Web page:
We've been playing with the perler beads a lot lately. Some call them hama beads. I designed that mushroom myself. I like how it came out. I know all about using cross-stitch patterns to make them, and I do that sometimes too, but I really enjoy winging it. I need to buy more beads; we're running out of a few colors, especially red...hmm.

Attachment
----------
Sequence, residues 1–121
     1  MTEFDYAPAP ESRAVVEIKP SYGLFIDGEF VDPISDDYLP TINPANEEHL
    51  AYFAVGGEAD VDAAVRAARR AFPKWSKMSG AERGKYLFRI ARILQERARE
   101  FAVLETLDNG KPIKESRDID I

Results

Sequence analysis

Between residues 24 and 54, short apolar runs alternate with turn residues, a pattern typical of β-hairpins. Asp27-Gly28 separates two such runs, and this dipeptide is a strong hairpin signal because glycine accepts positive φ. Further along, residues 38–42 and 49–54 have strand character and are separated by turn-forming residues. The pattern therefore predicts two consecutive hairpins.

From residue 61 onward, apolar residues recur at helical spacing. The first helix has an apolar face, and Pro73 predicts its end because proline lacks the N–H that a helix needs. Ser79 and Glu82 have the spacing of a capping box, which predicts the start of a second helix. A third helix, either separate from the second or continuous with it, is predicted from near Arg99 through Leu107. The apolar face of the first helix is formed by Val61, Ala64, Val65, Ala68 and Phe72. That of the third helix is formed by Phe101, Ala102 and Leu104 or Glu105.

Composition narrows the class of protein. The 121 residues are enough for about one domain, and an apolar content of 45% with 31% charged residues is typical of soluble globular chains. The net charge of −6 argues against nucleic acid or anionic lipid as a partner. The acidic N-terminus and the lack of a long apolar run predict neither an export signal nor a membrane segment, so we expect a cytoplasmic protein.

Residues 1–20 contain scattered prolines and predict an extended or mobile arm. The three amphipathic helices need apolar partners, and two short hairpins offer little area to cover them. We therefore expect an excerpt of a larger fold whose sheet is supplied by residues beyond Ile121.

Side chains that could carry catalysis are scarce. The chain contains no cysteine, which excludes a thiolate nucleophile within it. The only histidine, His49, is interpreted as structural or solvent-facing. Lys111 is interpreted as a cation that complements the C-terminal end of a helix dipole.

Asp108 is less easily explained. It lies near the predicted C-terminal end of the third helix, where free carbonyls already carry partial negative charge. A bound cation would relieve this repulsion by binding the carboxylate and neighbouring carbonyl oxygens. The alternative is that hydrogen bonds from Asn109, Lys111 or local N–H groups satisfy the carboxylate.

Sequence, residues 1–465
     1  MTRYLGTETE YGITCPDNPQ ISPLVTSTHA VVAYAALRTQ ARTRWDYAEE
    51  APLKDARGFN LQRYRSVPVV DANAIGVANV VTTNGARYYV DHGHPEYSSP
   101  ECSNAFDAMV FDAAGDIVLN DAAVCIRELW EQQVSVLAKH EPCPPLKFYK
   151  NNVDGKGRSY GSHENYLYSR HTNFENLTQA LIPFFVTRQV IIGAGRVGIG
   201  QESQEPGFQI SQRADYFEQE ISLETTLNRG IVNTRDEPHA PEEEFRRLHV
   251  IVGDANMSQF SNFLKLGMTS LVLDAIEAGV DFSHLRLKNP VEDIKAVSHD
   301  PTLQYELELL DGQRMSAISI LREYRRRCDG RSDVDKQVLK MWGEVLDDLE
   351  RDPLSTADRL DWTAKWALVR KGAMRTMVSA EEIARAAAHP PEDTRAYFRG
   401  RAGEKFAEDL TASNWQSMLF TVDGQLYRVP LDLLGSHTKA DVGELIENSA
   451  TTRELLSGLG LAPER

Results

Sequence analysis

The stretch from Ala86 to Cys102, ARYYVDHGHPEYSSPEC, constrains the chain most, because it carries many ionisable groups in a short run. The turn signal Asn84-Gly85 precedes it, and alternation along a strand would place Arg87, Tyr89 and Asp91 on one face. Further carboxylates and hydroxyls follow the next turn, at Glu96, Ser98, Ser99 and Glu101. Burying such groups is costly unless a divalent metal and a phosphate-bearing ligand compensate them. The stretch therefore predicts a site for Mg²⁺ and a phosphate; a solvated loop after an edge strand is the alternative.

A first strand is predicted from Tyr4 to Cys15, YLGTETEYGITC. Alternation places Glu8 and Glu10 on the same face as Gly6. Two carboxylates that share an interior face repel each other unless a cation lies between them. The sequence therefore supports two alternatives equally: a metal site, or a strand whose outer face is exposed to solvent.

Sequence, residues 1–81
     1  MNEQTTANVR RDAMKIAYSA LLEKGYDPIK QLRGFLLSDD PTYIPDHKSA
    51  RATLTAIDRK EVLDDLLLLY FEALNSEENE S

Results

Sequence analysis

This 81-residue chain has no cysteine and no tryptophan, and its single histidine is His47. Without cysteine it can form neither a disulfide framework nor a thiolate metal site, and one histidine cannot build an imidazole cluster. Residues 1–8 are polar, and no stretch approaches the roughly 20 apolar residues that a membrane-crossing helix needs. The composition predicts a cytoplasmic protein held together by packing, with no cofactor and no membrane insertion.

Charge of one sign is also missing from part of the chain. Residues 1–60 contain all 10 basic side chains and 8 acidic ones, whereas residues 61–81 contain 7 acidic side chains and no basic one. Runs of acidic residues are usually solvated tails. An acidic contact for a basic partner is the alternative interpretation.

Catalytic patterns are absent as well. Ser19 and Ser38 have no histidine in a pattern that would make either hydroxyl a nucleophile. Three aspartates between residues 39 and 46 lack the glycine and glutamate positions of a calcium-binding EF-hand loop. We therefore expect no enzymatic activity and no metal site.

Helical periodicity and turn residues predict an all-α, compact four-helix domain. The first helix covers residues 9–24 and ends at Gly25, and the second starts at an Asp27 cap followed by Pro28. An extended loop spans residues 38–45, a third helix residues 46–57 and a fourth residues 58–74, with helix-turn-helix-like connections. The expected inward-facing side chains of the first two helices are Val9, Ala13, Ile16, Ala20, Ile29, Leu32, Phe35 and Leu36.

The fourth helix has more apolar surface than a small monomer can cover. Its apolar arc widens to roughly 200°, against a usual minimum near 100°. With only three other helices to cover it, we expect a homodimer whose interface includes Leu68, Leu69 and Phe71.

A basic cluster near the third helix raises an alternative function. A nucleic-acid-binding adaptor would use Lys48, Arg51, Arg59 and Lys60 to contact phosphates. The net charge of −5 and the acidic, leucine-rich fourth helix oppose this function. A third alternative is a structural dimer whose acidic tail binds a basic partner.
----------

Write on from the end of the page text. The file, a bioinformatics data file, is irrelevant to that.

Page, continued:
I'm feeling good so far this month, and this year. I made a conscious decision to let go of stress and anxiety about things I can't fix. And you know what? It's working. I feel freer and happier. This week, I went to a friend's sales party and had a really good time. On Friday the weather was nice again and I took my kids to the park after school, where I met up with some mom friends. I laughed a lot this week. I felt lighter. I'm crocheting a lot and am back to reading more after a spate of terrible books. I savored the last of my Christmas-stocking treats. I made really good lasagna. I had a good week. I hope you did too.